February 4, 2015
UNITED STATES OF AMERICA,
COREY EUSTIS, Defendant.
ORDER ON MOTION TO DISMISS
NANCY TORRESEN UNITED STATES CHIEF DISTRICT JUDGE
The Court has before it the Defendant’s Motion to Dismiss Indictment (ECF No. 54). The Defendant is charged with two counts of possession of a firearm by a person previously convicted of a misdemeanor crime of domestic violence in violation of 18 U.S.C. § 922(g)(9). The Defendant’s underlying domestic violence conviction in each of those counts is an assault conviction under Maine’s simple assault statute which criminalizes intentionally, knowingly, or recklessly causing bodily injury or offensive physical contact to another person. 17-A M.R.S.A. § 207. The Government concedes that it cannot prove that Mr. Eustis’s prior conviction was committed intentionally or knowingly.
On August 1, 2014, the Court reserved ruling on the Defendant’s Motion to Dismiss the Indictment pending the outcome of United States v. Armstrong, 706 F.3d 1 (1st Cir. 2013), cert. granted, judgment vacated, 134 S.Ct. 1759 (2014), which has raised the issue of whether an undifferentiated conviction under 17-A M.R.S.A. § 207 can support a conviction for possession of a firearm by a person convicted of a misdemeanor crime of domestic violence.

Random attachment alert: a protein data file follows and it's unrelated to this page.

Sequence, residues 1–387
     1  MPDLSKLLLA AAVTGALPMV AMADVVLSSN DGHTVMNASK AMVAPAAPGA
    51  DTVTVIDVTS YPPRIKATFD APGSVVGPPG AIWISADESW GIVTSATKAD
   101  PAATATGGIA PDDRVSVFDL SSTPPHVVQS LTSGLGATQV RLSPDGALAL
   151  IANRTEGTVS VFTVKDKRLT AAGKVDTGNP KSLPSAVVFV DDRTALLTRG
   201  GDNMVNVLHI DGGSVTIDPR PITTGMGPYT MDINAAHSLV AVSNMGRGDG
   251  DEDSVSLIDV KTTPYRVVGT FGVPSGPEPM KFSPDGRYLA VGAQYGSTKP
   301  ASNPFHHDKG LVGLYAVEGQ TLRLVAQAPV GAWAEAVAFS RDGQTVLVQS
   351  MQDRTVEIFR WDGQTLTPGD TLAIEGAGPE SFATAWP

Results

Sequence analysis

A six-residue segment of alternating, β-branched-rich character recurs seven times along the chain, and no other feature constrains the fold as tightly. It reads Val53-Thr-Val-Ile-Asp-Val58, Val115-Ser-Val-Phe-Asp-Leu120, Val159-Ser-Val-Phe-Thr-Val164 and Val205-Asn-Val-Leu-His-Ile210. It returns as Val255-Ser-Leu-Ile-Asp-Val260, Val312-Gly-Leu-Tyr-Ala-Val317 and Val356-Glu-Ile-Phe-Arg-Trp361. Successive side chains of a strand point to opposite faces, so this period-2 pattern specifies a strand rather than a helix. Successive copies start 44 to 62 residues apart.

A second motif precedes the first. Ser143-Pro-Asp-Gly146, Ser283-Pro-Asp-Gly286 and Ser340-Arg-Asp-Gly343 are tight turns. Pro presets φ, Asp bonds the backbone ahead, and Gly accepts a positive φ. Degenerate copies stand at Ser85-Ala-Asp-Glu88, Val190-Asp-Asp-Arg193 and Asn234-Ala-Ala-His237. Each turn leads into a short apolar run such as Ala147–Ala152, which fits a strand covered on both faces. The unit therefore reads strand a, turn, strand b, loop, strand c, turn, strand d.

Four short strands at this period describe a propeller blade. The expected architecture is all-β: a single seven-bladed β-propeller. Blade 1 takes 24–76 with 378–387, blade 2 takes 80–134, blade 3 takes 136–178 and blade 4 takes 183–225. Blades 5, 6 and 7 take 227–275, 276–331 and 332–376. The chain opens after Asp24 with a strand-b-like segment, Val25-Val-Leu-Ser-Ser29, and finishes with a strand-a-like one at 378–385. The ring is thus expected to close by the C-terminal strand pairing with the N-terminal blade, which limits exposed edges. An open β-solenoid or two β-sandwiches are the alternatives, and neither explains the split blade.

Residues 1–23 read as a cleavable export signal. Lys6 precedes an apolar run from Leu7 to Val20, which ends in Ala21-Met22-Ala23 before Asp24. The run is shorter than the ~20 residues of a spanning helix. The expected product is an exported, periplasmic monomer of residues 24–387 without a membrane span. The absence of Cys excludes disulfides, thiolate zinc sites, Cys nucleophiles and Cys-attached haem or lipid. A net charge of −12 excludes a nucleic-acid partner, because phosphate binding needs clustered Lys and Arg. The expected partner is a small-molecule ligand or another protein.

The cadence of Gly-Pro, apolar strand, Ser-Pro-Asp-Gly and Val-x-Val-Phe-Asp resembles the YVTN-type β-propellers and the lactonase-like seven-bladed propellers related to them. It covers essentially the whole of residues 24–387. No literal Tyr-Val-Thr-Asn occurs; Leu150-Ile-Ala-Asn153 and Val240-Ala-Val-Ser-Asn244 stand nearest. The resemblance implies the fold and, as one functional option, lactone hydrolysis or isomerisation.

On January 30, 2015, the Court of Appeals for the First Circuit issued its decision in United States v. Voisine, 2015 WL 409150 (1st Cir. January 30, 2015).That decision clearly answers the question posed in this case in the affirmative – a conviction for reckless assault under 17-A M.R.S.A. § 207 against a person in a domestic relationship constitutes a misdemeanor crime of domestic violence under 18 U.S.C. § 922(g)(9).
For the reasons stated above, the Court DENIES the Defendant’s Motion to Dismiss.